FireWhip ($0.99) is a perfect example of a game that shows that you shouldn’t just judge a book by its cover, but if the book is good, having a rad cover sure helps! This is a unique high-score chaser that puts work in to feel like a standout experience. FireWhip delivers exactly what it its title promises, as it has you swinging a whip made of flames, trying to fend off enemies that want to get to you. You have to swing the whip around to make it large and fast enough to hit oncoming enemies, but some of the base enemies are cowards – literally, they’re called cowards – and will shy away. The enemies that come at you directly? They have shields, come in large numbers, or attack really quickly. And if you swing your whip too fast, it flames out, and that’s not going to be any good for you.
The secret to success in FireWhip is mastering the whip-cracking, which blows up your whip in a particular direction, serving as a devastating way to clear out a lot of danger at once.. At first, it’s about learning how to trigger it, learning how to fling the whip just so in order to crack it and clear out immediate threats. Then, you need to learn how to crack it in a particular direction, learning to swipe when you’re sure you’ve got it cracking. Then you need to learn to trigger the whip-cracking quickly, because the threats that require a good whip crack to defeat will come faster and more often. If you want those 100-plus scores, you need to master this skill.
Really, FireWhip is so rewarding because that skill is really tough to master. It can feel random at first to crack the whip, but once you have a good idea on how to get it working, you’ll be busting out high scores regularly. And it never gets old to crack a whip and kill like ten enemies at once. There’s a really cool GIF-sharing system, where you can upload the last 200 frames or so of your game to Twitter or Imgur. The problem is that this works a lot better with the challenge modes, because they allow you to share your triumph. In high score mode, you’re sharing your score, and how exactly you died. Not as triumphant, necessarily.
— Carter Dotson (@wondroushippo) June 19, 2015
The game starts you off with challenges, that mostly serve as a way to introduce the game’s elements and make sure you’re competent and understand the mechanics of whipping. Once you complete these, then score mode becomes available. Challenges are still available in Challenge Rush mode, but I’d love to see a mode kind of like the Mission mode in Particle Mace ($2.99) where you have a series of new, ever-more-difficult challenges to complete, like trying to defeat 10 warps with direct hits, let’s say. I think it’d be a fascinating addition, and something to do besides get high scores and to complete Challenge Rush as quickly as possible.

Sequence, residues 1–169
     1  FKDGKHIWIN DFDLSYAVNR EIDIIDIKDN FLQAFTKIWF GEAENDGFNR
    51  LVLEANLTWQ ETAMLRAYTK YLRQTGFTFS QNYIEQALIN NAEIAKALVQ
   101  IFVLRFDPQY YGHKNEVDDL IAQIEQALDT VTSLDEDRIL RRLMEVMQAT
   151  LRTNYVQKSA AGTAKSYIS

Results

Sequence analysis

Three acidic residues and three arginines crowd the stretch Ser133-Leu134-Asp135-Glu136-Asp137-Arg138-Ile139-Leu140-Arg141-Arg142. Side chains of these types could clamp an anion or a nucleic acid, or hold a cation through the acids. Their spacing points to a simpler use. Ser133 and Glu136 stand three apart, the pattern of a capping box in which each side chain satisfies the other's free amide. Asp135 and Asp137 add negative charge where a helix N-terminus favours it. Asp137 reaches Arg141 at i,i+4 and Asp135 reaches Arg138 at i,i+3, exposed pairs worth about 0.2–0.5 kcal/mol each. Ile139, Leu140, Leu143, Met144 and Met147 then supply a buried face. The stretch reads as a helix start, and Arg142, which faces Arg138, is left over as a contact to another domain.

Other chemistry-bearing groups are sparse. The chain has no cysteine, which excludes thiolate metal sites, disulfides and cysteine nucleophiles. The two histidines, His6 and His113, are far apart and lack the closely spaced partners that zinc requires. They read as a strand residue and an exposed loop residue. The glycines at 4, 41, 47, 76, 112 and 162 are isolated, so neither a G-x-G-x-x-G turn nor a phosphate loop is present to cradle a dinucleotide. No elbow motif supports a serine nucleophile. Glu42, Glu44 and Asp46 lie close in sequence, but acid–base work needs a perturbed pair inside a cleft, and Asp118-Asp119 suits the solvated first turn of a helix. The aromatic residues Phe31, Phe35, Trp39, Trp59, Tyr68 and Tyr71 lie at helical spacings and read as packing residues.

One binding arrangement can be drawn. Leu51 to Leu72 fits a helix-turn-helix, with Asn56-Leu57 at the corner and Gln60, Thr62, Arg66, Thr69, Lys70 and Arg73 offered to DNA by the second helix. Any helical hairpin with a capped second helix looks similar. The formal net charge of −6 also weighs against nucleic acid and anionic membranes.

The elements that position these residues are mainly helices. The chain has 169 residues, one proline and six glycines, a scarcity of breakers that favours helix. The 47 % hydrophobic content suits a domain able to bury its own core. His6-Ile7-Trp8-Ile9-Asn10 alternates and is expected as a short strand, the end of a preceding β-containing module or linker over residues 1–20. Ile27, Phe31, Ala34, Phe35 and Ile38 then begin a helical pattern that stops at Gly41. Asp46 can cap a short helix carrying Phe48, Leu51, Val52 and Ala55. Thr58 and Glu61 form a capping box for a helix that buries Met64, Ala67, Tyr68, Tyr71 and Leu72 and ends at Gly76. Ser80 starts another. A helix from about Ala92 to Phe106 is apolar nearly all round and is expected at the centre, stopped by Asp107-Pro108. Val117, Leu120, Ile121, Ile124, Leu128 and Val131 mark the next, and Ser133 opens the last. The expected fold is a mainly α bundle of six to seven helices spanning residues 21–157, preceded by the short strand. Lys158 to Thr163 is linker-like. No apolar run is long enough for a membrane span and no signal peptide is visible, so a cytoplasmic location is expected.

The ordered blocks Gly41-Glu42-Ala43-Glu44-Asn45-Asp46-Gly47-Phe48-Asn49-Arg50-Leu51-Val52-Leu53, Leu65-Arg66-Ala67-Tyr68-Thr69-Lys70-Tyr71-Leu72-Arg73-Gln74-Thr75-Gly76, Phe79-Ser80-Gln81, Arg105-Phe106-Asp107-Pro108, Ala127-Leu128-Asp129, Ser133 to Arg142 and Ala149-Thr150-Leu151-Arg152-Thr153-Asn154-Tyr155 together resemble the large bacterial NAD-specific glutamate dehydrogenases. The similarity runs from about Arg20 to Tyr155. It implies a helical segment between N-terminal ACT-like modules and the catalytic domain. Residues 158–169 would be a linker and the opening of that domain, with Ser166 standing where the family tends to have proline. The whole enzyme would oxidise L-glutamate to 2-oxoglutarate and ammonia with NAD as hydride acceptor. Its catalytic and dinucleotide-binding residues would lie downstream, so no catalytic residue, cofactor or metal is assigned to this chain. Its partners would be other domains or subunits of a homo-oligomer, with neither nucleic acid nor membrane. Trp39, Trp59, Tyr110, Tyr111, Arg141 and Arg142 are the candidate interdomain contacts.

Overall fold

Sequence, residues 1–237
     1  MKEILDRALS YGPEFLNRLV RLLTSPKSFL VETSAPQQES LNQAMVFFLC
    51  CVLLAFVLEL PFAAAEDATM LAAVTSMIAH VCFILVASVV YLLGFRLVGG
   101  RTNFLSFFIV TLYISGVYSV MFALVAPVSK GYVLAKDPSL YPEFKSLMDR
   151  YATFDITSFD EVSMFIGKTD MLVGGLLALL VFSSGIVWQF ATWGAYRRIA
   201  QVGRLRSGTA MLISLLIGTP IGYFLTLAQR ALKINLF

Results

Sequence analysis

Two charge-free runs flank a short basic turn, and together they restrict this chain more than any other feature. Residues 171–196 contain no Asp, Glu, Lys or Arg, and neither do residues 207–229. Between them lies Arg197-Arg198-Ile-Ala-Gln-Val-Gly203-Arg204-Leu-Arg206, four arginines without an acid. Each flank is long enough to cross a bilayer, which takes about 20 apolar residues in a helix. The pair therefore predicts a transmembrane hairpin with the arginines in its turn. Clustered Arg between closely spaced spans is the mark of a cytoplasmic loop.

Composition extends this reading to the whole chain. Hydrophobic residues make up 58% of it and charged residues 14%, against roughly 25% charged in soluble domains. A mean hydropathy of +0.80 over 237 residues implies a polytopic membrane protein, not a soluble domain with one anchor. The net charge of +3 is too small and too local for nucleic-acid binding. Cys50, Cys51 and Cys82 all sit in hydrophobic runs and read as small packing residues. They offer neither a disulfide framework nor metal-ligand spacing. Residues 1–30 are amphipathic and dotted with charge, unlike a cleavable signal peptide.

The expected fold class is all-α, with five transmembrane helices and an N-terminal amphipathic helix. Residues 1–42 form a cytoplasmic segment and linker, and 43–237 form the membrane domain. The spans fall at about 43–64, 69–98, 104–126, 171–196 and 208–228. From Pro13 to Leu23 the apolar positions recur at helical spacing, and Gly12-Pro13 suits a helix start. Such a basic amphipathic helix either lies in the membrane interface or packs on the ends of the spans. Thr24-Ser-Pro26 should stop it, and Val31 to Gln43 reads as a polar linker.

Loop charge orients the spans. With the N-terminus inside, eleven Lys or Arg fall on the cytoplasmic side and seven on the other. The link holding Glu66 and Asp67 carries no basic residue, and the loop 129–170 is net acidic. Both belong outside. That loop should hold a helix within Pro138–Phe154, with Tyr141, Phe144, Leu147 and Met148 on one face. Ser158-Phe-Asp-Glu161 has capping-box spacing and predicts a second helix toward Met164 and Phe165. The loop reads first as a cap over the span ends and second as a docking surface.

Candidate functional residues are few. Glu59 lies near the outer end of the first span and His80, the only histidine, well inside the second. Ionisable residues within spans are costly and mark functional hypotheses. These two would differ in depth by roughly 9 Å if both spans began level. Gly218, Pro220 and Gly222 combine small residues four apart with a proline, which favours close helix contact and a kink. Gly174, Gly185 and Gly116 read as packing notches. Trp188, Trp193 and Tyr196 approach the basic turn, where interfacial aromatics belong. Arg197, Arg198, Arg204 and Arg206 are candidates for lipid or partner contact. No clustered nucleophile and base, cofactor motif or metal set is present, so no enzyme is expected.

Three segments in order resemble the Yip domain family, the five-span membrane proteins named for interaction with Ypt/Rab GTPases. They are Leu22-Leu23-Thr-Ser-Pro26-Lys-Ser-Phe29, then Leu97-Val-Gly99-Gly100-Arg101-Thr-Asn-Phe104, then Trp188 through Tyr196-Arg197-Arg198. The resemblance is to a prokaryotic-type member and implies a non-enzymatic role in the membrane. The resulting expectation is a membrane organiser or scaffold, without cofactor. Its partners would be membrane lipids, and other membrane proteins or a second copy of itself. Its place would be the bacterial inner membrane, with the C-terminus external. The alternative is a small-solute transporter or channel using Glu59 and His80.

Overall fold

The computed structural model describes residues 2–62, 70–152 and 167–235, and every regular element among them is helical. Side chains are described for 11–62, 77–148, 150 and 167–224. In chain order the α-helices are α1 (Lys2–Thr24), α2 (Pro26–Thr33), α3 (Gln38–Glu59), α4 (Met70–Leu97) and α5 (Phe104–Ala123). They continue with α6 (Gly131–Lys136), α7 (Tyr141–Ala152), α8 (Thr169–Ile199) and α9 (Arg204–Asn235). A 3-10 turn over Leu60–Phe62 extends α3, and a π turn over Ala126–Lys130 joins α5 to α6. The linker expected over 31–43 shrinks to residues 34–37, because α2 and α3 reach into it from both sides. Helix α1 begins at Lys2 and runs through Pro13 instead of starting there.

I do really appreciate that FireWhip is orientation-independent, running on every device centered on the screen. I like that I can play this in landscape with my iPad propped up, it’s something more developers of casual, quick-play games should be doing. Portrait is the ideal orientation for casual play on iPhone, but on iPad, I don’t think that it’s the case. But FireWhip as a casual, one-handed game has a problem in that the whip being centered on screen makes this hard to play one-handed on a big phone. I find that I’m best at the game when I’m holding my iPhone 6 Plus in one hand, using a pointer finger with another, versus trying to hold my phone centered in portrait mode. I feel like I have bigger hands than most people, but not that big, you know? Also, the interface elements are a bit too small to reliably trigger on the iPhone 6 Plus.
— Carter Dotson (@wondroushippo) June 22, 2015
I’m not sure how exactly you solve that problem, though. You could put the game nearer to the bottom of the screen, but then that makes it more difficult to see hazards coming from that side. You could have offset controls, but they take away from whatever intuitiveness this game does have. Plus, then you’d be obscuring the bottom. I don’t know if there’s a perfect solution to make this game one-hand friendly. Heck, considering that you need some range to make the whip mechanics work well, it’s quite possible that this just isn’t a thumb game at all. This is a pointer finger game. It is what it is, so approach it carefully.
FireWhip gains a lot from its style. The game uses a particular prose and language that makes it feel like it’s more than just “here’s a whip, you must bash enemies." It has a theme, and it sticks to it. The feedback from whip cracks are fantastic. The music, featuring a driving drum track and bassline, helps create the dark atmosphere for the game. This game just oozes originality, and makes it feel like it’s more than just a high score game. The pixel art is really cool, though I’m a fan of the style. The enemies are very basic, but the flame effects look great.
At its core, FireWhip is a high score chaser, albeit one with a unique mechanic. But its style, the presentation goes a long way toward making this even more satisfying to play than a basic presentation would be, and elevates the whole thing. I’ve had a lot of fun with this one.